When a prospective buyer makes a serious offer to buy one of my domain names, I like to ask a question like this:
When could you close on the deal?
When could you pay for the domain name?
These similar questions can help me determine if it is a bonafide offer or someone who is just trying to get a price. There’s nothing really wrong with the later if it is a genuine buyer, but my pricing may be different depending on how the buyer answers the question.
I like asking this question to prospective buyers who made a serious offer on a domain name. I might not accept the offer that was submitted, but their answer can tell me a few things. For one thing, it gives me clarity on when they plan to pay. Do they want to do a deal ASAP or are they wishy washy on the deal. Someone who tells me they will pay right away is more serious, in my opinion, than someone who can’t give me a straight forward answer.
Understanding when the buyer is going to pay can also establish that the buyer doesn’t expect payment terms, like monthly payments. This is helpful to know because the price expectations will be different if someone is going to take a long time to pay for the domain name.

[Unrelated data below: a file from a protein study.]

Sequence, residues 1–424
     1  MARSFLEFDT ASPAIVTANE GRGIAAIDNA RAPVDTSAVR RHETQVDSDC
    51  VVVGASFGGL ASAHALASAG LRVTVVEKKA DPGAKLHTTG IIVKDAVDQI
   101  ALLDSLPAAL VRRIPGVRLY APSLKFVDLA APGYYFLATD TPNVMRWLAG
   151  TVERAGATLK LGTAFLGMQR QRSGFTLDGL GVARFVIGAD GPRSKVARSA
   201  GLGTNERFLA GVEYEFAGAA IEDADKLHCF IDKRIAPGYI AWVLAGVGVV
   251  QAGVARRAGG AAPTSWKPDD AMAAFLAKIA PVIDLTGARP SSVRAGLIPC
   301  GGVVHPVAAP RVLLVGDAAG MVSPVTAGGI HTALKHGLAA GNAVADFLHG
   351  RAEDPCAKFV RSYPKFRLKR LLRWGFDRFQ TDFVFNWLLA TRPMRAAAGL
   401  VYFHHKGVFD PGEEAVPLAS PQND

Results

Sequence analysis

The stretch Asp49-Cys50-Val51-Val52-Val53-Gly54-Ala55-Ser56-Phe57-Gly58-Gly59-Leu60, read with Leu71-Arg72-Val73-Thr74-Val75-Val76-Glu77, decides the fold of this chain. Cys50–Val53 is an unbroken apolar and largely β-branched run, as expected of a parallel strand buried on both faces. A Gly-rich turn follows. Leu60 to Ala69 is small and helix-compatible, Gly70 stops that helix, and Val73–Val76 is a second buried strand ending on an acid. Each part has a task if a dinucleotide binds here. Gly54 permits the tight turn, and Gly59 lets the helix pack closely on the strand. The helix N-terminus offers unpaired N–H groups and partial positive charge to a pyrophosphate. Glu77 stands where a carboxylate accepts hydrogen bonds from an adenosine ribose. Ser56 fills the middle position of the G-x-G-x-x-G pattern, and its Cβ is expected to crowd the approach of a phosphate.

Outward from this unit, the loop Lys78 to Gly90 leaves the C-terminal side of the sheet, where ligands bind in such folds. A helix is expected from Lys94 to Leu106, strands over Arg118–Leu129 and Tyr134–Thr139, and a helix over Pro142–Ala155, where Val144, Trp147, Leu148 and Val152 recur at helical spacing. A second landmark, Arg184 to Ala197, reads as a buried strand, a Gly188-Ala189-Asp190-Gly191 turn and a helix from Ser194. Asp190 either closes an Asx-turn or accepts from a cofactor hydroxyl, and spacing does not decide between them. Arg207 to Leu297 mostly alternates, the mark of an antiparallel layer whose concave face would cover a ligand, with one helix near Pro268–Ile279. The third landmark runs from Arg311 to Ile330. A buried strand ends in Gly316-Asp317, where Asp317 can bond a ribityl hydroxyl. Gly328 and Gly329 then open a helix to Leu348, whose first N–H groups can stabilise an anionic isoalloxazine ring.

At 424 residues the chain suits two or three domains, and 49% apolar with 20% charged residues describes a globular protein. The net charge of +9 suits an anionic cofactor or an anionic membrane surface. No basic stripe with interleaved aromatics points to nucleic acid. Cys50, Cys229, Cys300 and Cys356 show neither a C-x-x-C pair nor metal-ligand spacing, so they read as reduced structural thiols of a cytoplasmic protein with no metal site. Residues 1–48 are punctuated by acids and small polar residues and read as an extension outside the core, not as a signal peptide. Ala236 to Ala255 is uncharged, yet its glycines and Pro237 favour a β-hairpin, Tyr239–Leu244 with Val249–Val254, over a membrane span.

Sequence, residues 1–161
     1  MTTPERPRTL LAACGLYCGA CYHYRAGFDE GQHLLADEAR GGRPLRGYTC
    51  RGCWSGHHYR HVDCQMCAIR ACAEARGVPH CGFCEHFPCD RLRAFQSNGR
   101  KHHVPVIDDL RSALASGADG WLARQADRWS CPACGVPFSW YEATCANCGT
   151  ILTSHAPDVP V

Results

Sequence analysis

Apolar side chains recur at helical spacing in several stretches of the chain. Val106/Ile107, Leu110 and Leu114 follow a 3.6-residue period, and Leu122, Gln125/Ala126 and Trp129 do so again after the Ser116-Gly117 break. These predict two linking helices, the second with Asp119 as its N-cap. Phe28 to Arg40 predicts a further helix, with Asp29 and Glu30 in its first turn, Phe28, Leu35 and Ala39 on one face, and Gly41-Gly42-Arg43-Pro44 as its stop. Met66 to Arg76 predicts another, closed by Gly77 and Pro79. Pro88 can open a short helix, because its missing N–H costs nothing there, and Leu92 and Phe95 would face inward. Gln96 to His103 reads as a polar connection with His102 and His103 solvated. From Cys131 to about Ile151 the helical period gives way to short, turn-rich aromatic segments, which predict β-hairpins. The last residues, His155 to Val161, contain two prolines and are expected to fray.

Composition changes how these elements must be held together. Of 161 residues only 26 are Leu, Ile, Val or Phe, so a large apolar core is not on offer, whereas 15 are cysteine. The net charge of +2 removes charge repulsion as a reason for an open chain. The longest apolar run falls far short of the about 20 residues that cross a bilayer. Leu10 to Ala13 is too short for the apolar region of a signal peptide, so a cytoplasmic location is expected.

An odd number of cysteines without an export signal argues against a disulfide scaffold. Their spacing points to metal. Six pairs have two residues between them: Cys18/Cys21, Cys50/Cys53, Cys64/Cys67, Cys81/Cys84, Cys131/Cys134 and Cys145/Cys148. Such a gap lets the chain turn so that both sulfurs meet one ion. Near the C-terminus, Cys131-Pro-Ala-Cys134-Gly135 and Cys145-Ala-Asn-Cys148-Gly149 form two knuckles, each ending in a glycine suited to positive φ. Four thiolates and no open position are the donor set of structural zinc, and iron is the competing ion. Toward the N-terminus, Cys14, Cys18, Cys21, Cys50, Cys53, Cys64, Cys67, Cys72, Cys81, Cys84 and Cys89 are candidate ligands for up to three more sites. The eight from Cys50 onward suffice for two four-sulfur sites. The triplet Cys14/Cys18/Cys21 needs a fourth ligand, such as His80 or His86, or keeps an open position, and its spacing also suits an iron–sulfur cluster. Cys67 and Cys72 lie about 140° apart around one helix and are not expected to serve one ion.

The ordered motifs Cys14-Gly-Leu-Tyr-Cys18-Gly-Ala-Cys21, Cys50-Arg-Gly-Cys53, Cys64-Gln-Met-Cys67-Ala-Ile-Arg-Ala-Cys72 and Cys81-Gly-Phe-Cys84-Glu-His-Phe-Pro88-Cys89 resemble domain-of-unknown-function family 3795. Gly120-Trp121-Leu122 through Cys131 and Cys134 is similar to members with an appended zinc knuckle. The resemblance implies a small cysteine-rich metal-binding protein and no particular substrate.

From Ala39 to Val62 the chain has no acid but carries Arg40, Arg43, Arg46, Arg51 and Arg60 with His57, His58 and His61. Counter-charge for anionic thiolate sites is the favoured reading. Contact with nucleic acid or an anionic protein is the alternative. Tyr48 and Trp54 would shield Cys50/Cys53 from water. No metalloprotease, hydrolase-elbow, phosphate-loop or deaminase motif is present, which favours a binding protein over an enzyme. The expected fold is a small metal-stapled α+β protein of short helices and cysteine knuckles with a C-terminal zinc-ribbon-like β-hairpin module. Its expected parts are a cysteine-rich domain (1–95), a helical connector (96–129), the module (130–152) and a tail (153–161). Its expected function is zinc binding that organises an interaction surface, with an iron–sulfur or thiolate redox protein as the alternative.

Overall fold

Over the past several days, I have been negotiating the sale of one of my domain names. When I asked the buyer this question, he told me his business unit approved the offer but he would need corporate approval for a deal of this magnitude before proceeding. In short, this may have been a genuine offer, but it is not a firm offer. Had I agreed to the deal, he could have replied that corporate only approved a deal of $x. I could have had a nice deal on my mind, but in reality, it was contingent on something out of my control and unknown. I told him he would need to submit a firm offer with corporate approval before it is considered.
Asking when someone will be able to fund a deal can help solidify an offer and ensure both parties are on the same page with respect to payment terms.